For classification of ten finger pairs, discriminative classification models were exploited. We tested multiple machine learning algorithms of linear support vector machine (LSVM), quadratic SVM (QSVM), k-nearest neighbor (KNN), and ensemble-bagged trees (Bag Trees) (Fig. 4(e)). For robust evaluation of classification accuracy, leave-one-session-out cross-validation was conducted, so that one session data of a person on a day were separated from the original dataset and used as a validation sets and all sessions were evaluated exhaustively. Figure 4(e) shows the result of applying various machine learning methods to the both raw data and ratiometric features. The experimental results indicate that the performance of the discerning of difference between the pairs of fingers can be improved using ratiometric features.

Interpersonal difference of ratiometric impedance features

We collected data from a group of 41 subjects to evaluate the identification performance of biological impedance spectroscopy. Subjects participated in at least five independent sessions over three months and provided at least 10 measurements per day. The raw data of the measured impedance of 10 finger pairs for five subjects are shown in Supplementary Fig. S1. In each finger pair, the raw data of all five subjects showed a gradual decrease with increasing frequency and had a similar slope. Specifically, Supplementary Fig. 1(a) shows that the raw data for the Pair (1, 5) of subjects S1, S3, and S4 are mostly superimposed at all frequencies, making it difficult to visually discriminate clearly. In contrast, ratiometric features have distinct patterns and slopes per finger pair (Fig. 5), and visually it is easier to distinguish than the raw data. The data for each subject also differs slightly for each finger pair in the patterns and magnitudes. It can be expected that a higher number of finger pairs improve the accuracy of discrimination. In this sense, the experiment result has the implication that the ratiometric feature is robust to the influence of environmental factors, which improve the discrimination based on reliable properties.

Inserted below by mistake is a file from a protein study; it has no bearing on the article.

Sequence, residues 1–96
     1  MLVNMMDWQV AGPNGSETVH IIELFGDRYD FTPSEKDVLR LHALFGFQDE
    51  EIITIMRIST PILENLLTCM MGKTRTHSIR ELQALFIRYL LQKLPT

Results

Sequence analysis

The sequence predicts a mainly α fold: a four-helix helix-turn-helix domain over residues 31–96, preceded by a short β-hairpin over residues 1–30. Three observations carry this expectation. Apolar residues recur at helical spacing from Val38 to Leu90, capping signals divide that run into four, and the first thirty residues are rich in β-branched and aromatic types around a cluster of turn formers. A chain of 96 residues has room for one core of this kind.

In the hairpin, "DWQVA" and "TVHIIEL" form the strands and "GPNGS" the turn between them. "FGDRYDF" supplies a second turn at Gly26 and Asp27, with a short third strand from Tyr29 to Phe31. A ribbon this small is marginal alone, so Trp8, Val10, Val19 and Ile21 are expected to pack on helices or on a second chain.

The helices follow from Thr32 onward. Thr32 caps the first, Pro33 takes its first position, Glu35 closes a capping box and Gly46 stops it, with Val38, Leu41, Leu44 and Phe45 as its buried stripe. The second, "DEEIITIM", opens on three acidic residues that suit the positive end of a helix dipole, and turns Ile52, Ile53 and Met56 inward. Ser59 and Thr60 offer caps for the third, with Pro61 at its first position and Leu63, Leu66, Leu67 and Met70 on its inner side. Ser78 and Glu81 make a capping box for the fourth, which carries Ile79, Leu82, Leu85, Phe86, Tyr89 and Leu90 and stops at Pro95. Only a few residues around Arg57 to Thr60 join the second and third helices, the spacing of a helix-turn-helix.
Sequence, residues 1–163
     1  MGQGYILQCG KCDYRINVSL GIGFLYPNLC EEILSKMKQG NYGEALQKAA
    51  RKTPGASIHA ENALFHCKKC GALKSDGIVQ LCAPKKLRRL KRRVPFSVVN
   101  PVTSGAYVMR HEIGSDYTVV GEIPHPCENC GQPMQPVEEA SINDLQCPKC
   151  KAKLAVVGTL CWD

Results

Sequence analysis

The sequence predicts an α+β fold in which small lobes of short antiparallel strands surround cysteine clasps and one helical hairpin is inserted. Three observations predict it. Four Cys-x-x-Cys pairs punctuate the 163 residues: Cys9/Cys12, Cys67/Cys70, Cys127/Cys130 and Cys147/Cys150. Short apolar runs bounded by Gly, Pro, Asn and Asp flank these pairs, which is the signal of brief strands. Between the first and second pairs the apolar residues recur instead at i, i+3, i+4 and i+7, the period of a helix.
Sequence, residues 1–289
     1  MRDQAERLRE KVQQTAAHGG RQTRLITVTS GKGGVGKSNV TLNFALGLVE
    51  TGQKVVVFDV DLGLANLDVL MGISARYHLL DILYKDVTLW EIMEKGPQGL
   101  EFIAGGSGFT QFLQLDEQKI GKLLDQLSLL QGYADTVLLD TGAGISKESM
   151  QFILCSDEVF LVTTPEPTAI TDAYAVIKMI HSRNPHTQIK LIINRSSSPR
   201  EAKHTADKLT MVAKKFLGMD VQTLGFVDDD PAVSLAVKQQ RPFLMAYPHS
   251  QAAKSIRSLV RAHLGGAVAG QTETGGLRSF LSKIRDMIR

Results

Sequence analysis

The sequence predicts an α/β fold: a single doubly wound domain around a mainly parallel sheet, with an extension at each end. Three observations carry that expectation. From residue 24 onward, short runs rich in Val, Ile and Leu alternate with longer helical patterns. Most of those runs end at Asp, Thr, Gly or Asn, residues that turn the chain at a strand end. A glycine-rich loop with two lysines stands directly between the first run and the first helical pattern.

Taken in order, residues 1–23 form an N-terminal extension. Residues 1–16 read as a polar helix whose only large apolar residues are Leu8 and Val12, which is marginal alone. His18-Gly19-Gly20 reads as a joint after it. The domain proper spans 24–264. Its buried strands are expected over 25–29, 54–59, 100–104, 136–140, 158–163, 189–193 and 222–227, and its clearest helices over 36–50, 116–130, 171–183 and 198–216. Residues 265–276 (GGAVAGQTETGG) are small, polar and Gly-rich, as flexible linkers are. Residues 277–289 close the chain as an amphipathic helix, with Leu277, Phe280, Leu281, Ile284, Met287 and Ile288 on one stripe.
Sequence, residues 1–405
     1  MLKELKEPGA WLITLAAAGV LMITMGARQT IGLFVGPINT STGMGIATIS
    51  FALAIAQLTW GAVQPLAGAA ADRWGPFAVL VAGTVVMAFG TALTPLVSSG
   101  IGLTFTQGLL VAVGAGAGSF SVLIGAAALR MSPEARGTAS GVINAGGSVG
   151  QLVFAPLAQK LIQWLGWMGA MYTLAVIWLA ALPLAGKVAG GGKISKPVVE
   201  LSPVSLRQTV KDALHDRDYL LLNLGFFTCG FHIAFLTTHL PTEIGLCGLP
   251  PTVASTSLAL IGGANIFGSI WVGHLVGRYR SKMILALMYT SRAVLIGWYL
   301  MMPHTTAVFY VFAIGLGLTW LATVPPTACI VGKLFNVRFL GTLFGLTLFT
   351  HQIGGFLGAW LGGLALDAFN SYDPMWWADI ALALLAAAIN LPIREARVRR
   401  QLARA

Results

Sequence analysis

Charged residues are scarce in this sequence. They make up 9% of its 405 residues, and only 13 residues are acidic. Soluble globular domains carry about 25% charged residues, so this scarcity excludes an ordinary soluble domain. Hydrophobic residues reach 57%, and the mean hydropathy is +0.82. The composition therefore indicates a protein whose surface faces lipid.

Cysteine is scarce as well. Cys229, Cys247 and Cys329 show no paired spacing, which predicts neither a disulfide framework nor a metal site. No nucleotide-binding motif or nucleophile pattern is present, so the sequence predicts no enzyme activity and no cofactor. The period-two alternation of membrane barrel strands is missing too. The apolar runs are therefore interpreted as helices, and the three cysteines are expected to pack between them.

Figure 5
figure 5

Ten pairs of ratiometric features. The ratiometric features were derived by transforming the raw impedance spectra measured in five subjects over five days. Values are the mean ± S.D. (at least n = 50).

Identification of individuals

For the identification of individuals, we applied the discriminative classification models of linear support vector machine (LSVM), quadratic support vector machine (QSVM), K-nearest neighbor (KNN), and ensemble-bagged trees (Bag Trees) used in the previous experiment to verify the pairs of finger classification. The 10 combinations of finger pairs for ratiometric features we used in identification of subjects were the same as in Fig. 5. We used all 10 combinations of finger pairs because no particular combinations were found to show significantly distinct performance or particularly better results than other combinations. Among 41 subjects with 2166 datasets, we achieved the highest classification accuracy of 94.14% with KNN, and it was confirmed that the accuracy was improved in all tested models by applying the devised ratiometric method. The ratiometric features enhanced the accuracy of classification from 70.68% to 94.14% in the KNN model. Figure 6(a) compares the prediction accuracy for raw data and ratiometric features in the four different models. Figure 6(b) shows the confusion matrix of 41 subjects using the ratiometric features in the KNN model, where the intensity of the color of the blue box represents an accurate prediction while that of the red box represents a false prediction, and ‘S1, S2, S3, ··· S41’ represents each subject class. The receiver operating characteristic (ROC) curves of raw data and ratiometric features for each classifier are represented in Fig. 6(c),(d), respectively. An equal error rate (EER) and an area under ROC curve (AUC) of raw and ratiometric data for the tested classifiers are listed in Table 1. The quadratic SVM classifier produced the highest AUC of 0.9939, while the KNN classifier achieved a better result in classification accuracy of 94.14% and the lowest EER of 3.0049. All EER and AUC values derived from the four models are better in ratiometric than in raw data.